Revelations this past weekend that author Doug Wead secretly taped conversations with his close friend, President George W. Bush, for use in a book reveal less about the president than they do about Wead and our culture.
Between street cameras, hidden spycams, cell-phone hackings and involuntary "outings" - and now (again) "friends" who secretly tape-record friends - privacy is long dead. And with it, perhaps, is the trust implicit and candor permitted in friendship.
It's no longer just lonely at the top. The democratization of technology has made life lonely everywhere. If you're a public person, lunch with a friend is a potential land mine; lunch with a new acquaintance may not be worth the risk without a frisk.
Despite the portentous nature of Wead's tapes, reported in Sunday's New York Times, the revelations about the president's possible prior drug use were less than stunning. Bush didn't specifically say in the tapes that he once used drugs, but one could infer as much from his explanation about why he never answered reporters' questions about drugs.
The gist was that he felt it was time to "just say no" and decline to answer potentially damaging personal questions. Whereupon millions of baby boomer parents nodded in bobbleheaded unison.
As a parent, I applauded Bush's resolve at the time. I understood, as did most adults, that confessing to the drug use rampant on college campuses in the late '60s and the '70s risked giving children permission to behave likewise. Children inevitably would infer: 'Hey, if you can smoke dope and grow up to be president/dean of the cathedral/a teacher, then it must be OK to smoke dope."
Few parents would find this logic appealing as they try to raise healthy children. At my own house, I responded to such questions similarly: "When we're both adults, we'll swap war stories. In the meantime, I'm the boss, what I say goes, case closed."
For the record, the little darlings found this answer both satisfactory and comforting. Children like it when parents act like grown-ups and establish clear boundaries. It gives them confidence that someone is in charge and that the person responsible for keeping them safe isn't likely to be whacked out on the couch when they come home from school.
On the not-so-secret tapes, Bush articulates this idea in language that redeems more than indicts.
"Do you want your little kid to say, 'Hey daddy, President Bush tried marijuana; I think I will?'" Bush said, according to a transcript excerpt posted on ABC's "Good Morning America" Web site. "That's the message we've been sending out. I wouldn't answer the marijuana question."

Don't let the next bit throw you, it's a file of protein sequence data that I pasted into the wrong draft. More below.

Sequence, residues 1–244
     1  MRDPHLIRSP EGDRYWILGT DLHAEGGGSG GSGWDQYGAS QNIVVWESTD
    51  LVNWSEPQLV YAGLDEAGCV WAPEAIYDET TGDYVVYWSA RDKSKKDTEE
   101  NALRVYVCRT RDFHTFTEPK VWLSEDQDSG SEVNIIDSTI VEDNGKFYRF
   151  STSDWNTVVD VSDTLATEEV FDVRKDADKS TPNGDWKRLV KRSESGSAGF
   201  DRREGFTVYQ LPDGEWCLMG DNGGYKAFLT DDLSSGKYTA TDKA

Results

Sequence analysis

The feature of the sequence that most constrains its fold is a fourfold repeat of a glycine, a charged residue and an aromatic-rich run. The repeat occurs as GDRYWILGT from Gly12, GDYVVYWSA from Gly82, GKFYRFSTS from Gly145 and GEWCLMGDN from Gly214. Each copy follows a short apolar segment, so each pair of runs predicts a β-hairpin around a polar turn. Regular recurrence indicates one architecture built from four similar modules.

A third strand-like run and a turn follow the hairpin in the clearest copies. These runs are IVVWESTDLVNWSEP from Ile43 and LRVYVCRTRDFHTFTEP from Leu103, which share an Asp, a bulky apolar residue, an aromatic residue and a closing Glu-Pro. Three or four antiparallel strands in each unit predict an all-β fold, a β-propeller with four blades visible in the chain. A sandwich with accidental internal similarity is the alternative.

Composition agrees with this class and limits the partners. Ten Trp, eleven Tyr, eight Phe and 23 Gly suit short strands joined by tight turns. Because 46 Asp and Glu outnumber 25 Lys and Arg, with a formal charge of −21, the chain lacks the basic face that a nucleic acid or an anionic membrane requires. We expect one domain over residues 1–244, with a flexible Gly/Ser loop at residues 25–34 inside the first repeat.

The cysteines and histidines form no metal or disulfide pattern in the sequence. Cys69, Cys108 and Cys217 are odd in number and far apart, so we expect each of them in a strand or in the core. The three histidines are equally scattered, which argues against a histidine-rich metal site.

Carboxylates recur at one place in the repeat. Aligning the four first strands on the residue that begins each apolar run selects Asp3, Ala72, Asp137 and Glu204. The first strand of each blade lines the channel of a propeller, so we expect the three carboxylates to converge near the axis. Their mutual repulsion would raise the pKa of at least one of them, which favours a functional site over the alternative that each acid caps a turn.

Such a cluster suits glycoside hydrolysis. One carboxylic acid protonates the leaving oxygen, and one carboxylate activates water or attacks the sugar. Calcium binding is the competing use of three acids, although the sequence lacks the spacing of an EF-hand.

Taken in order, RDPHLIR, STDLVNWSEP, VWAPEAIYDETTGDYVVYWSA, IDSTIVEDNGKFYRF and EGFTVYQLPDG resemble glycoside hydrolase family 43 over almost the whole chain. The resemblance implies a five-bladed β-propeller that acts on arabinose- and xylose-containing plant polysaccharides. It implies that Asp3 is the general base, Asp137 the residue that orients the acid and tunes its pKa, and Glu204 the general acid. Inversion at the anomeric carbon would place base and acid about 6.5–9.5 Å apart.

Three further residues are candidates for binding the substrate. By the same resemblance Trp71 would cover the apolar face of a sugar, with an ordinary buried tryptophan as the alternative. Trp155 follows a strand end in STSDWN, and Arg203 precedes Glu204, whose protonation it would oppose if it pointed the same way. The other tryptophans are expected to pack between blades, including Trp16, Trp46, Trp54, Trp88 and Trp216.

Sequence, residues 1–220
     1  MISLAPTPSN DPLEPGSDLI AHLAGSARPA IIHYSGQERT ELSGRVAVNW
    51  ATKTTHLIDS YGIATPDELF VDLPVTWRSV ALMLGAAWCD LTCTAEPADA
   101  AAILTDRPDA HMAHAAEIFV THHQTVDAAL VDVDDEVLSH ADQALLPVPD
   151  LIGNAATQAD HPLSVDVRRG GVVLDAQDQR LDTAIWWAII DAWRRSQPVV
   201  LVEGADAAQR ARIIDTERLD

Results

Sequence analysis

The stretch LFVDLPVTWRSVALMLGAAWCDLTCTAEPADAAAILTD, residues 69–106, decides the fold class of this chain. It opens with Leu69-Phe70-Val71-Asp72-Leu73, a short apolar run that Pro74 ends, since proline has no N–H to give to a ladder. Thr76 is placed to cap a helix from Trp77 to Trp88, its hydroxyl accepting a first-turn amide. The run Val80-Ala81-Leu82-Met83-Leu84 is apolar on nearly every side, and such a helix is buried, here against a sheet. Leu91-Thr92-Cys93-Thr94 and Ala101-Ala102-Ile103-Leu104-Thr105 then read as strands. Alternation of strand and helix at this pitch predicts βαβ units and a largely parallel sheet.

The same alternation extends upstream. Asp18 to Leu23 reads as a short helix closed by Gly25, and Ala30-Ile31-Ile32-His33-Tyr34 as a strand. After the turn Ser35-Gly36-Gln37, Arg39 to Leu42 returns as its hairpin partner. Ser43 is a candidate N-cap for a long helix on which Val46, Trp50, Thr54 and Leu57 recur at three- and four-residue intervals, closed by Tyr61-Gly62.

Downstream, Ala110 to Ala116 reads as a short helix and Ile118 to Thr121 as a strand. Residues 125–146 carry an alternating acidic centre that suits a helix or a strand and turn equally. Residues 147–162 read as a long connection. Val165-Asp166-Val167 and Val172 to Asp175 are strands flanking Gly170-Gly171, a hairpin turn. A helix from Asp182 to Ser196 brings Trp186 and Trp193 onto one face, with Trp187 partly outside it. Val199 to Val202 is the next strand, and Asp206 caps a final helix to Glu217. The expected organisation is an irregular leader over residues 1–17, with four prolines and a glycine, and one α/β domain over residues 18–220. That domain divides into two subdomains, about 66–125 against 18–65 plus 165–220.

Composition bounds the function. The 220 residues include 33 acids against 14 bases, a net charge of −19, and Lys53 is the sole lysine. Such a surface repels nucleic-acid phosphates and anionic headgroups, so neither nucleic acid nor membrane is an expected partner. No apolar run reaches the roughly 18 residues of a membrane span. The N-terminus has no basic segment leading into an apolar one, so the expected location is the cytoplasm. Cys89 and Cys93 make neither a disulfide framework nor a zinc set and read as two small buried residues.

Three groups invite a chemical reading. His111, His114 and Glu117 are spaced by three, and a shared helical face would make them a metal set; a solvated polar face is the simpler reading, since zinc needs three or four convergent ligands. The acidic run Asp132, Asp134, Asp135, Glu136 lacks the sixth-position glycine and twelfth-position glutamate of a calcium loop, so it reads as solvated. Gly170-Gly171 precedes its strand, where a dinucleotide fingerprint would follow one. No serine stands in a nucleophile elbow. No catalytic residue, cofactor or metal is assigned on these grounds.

On the cocaine question, he said: "Rather than saying no . I think it's time for someone to draw the line and look people in the eye and say, you know, 'I'm not going to participate in ugly rumors about me and blame my opponents,' and hold the line. Stand up for a system that will not allow this kind of crap to go on.'"
And yes, I would have been just as happy had Bill Clinton answered the same way. His "didn't inhale" dodge undermined his credibility far more than a straight "yes" or "no" would have. Besides, veterans of those smoke-filled times recall that breathing was inhaling.
Bush's straight comments, meanwhile, were made to a trusted friend - an Assembly of God minister who was an aide to Bush's father as well as the junior Bush's liaison to the Christian right.
Wead has been unapologetic about the tapes, recorded from 1998 to 2000, except to say he meant the president no harm. He made the tapes, he said, because he felt that Bush was a historic person. He wanted to get the words exactly right.
Translation: Wead felt that he might need proof of what the future president said so that he could sell books. In a "didn't inhale" defense, Wead pointed out that he recorded the conversations in states where it is legal to do so without notifying the person being taped.
Wead may have behaved legally, but not ethically. What he did was dishonest, period.
When Bush drew a line by refusing to answer questions, he did so at least in part to protect his own and the nation's children. Americans concerned about the future of privacy might draw a similar line by censuring Wead.